4. Kirby Super Star (SNES)

Super Star
Photo Credit: Nintendo/HAL Laboratory

Average Rating: 85

Kirby Super Star was a different type of game than players were used to seeing from Kirby at the time. This was actually eight different mini-games in one. They are as follows:

Milky Way Wishes – Kirby must defeat the jester Marx who started a war between the sun and moon.
The Great Cave Offensive – This is a “Metroidvania” adventure where Kirby needs to find 60 chests.
Gourmet Race – A race against King Dedede while eating as much food as possible along the way.
Revenge of Meta Knight – A time-limited game to stop Meta Knight from destroying Dream Land.
Dyna Blade – Kirby must complete four levels before fighting the giant bird Dyna Blade.
Spring Breeze – a much shorter remake of the original Kirby’s Dream Land.
The Arena – Kirby must defeat all the bosses with one life.
Subgames – Megaton Punch and Samurai Kirby.

Rated as one of the best Super Nintendo games of all time, it was loved by almost every reviewer. The soundtrack was incredible, and each game variation was a thrill. It was also runner-up for the side-scroller game of the year in 1996.

Kirby Super Stars deserves its place among the best Kirby games of all time, but a few titles deserved the top spots even more, and that’s why it fits in at number four on our list.

3. Kirby and the Forgotten Land (Switch) [Best Kirby Switch Game]

Forgotten Land - Best Kirby Games
Photo Credit: Nintendo/HAL Laboratory

Average Rating: 85

The most recent Kirby game (as of this writing) was an entirely new take on the game. It is the first-ever [mainline] Kirby game in full 3D. Kirby’s goal this time around is to rescue Waddle Dees, that have been snatched up and kept in cages.

He has his usual copy abilities as well as the new ability to eat things that are much larger than him and power them himself. For example, he will envelop around a car to drive or a vending machine that shoots cans.

Hailed as one of the greatest games in the Kirby series, Kirby and the Forgotten Land sold over two million copies in just two weeks.

Reviewers loved the creative level design, the beautiful visuals, and especially the new Mouthful Mode. Furthermore, there was finally an option to choose an easy or hard mode.

2. Kirby: Canvas Curse (Nintendo Ds) [Best Kirby Ds Game]

Canvas Curse
Photo Credit: Nintendo/HAL Laboratory

Average Rating: 86

The first-ever Kirby game for the Nintendo DS did not disappoint. Nintendo went all out, making sure the touch screen was utilized in the most creative way. It was the only way to move Kirby around through all eight worlds.

A path had to be drawn on the touch screen for ball Kirby to move around on. Tapping on Kirby would make him dash and was mostly used to defeat enemies.

There were no inhaling or copy abilities this time, and the game was still tremendous amounts of fun without.

The reviewers enjoyed the innovation of Canvas Curse, for at the time, it was a one-of-a-kind game, and they called it fresh and engaging. It is still ranked overall in the top 100 best Nintendo games of all time.

1. Kirby’s Epic Yarn (Wii): The Best Kirby Game of All-Time

Epic Yarn - Best Kirby Game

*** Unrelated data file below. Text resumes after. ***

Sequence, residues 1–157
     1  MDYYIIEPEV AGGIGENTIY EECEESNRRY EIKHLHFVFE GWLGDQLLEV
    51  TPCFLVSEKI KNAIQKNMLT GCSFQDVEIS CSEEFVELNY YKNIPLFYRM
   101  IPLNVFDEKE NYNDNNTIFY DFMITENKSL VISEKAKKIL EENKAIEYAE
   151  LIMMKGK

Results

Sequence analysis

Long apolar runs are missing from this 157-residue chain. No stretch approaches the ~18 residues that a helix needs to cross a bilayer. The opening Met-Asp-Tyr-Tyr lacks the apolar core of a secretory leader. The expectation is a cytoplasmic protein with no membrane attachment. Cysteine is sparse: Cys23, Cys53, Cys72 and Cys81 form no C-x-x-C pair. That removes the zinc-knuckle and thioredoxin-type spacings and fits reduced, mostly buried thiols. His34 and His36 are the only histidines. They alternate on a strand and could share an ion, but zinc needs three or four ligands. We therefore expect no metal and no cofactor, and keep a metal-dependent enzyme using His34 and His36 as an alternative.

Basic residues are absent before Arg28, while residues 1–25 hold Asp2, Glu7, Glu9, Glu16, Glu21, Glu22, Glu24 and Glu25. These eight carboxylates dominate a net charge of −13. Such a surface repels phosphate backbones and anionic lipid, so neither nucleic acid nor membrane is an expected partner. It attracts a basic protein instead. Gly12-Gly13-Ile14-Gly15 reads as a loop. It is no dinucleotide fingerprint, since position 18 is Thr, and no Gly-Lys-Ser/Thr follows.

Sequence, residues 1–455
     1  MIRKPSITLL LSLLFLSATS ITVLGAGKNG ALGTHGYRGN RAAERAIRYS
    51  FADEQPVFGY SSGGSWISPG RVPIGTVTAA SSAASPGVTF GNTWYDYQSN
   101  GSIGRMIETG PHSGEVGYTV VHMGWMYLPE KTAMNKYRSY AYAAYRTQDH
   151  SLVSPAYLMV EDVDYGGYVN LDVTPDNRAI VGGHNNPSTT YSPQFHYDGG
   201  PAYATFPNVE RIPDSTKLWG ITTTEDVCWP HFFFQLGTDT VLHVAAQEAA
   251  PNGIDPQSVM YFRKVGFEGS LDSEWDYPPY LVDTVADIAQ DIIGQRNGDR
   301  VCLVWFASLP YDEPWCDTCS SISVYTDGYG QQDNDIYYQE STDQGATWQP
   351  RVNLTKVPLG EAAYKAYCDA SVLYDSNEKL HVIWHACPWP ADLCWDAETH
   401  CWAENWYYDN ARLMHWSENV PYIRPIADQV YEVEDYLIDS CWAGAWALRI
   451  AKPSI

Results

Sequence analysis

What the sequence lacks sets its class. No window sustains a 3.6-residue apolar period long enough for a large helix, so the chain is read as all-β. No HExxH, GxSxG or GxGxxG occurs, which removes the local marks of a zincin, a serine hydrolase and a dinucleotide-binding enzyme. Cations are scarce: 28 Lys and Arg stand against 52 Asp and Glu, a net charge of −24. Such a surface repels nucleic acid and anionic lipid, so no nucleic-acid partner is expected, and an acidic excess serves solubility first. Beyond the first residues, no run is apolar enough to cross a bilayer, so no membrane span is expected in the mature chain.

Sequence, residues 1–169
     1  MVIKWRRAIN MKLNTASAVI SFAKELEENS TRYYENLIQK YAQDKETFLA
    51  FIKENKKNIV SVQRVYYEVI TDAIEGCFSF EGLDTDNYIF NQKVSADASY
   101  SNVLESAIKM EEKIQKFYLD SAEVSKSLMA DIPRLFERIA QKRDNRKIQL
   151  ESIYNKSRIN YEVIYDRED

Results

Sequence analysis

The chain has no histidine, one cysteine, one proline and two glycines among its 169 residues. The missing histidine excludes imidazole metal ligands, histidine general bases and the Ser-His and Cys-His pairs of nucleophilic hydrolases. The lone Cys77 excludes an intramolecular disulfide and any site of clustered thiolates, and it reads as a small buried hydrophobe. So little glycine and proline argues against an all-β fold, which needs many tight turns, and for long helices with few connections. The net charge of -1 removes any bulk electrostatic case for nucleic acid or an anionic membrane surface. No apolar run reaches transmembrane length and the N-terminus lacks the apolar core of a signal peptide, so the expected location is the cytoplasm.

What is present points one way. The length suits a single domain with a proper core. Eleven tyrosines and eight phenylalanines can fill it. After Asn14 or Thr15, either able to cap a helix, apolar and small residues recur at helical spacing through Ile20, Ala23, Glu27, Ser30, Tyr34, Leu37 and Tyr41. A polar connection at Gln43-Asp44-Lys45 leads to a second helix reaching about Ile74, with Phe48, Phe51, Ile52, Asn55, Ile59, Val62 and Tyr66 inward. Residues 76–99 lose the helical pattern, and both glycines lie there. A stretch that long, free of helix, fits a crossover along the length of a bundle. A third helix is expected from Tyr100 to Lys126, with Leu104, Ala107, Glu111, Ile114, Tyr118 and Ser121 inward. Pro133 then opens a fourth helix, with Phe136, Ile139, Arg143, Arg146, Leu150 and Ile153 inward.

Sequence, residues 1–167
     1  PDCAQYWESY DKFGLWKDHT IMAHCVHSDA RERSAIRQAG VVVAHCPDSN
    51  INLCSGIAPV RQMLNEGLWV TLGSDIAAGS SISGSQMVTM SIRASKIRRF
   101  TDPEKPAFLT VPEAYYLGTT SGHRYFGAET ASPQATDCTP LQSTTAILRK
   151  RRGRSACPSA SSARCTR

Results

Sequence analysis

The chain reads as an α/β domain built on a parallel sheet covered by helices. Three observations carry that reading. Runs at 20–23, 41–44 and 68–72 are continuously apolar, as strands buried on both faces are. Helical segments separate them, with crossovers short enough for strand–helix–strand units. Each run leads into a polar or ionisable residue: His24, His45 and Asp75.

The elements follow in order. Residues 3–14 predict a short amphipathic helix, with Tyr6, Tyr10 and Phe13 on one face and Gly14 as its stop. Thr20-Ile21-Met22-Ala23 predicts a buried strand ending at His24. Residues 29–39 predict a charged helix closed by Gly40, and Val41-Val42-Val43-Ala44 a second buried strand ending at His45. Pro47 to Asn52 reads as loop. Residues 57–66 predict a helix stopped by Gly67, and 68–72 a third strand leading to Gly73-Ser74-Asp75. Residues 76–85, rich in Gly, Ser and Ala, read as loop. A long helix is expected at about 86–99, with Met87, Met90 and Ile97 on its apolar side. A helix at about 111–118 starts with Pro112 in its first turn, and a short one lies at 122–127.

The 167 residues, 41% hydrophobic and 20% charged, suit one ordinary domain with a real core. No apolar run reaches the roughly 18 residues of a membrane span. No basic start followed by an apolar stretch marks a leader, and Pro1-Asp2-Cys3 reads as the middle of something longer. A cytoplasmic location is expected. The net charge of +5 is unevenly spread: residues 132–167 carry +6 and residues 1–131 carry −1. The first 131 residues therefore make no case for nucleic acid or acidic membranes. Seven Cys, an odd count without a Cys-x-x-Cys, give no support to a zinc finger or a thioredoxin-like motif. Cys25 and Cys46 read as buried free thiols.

Photo Credit: Nintendo/HAL Laboratory

Average Rating: 88

Nobody ever knew it was possible to make Kirby games cuter than they already were. But Nintendo and HAL Laboratory found a way. Kirby’s Epic Yarn is the best Kirby game of the series for a multitude of reasons.

Being made completely of yarn, Kirby is unable to use his inhale abilities. Instead, he can transform into many yarn-based objects, including a car, parachute, weight, tank, and submarine, among many others. In typical Kirby fashion, there are many things to collect throughout each level, mostly in the form of buttons, beads, etc.

Not just Kirby has been turned into yarn, either. His entire world is made up of cloth and textiles, which resemble a giant world of unfinished crafts. Some doors are opened by undoing thread, and others may require a zipper or large ball of yarn to be spooled up.

Kirby’s Epic Yarn was such a creative masterpiece for Nintendo Wii that it spawned a Yoshi version five years later. In 2010 Epic Yarn won Game of the Show at E3 and a few Editor’s Choice awards after its release.

It was also nominated for best Wii game, best platformer, and best artistic style. To date, it has sold over two million copies. Not bad for a little pink puffball.

That’s our list of the best Kirby games from the mainline series. How would you go about ranking the Kirby games differently? Let us know in the comments.


  • Donny Long

    Donny has been in the game design industry for over 15 years. Starting in QA he’s worked his way up to Game Design. He’s played video games since he was old enough to hold a controller and has passed that passion on to his daughters. While a Nintendo fanboy at heart and grew up only playing Nintendo consoles, he has since expanded his horizons.

Donny Long

Written by Donny Long

Donny has been in the game design industry for over 15 years. Starting in QA he’s worked his way up to Game Design. He’s played video games since he was old enough to hold a controller and has passed that passion on to his daughters. While a Nintendo fanboy at heart and grew up only playing Nintendo consoles, he has since expanded his horizons.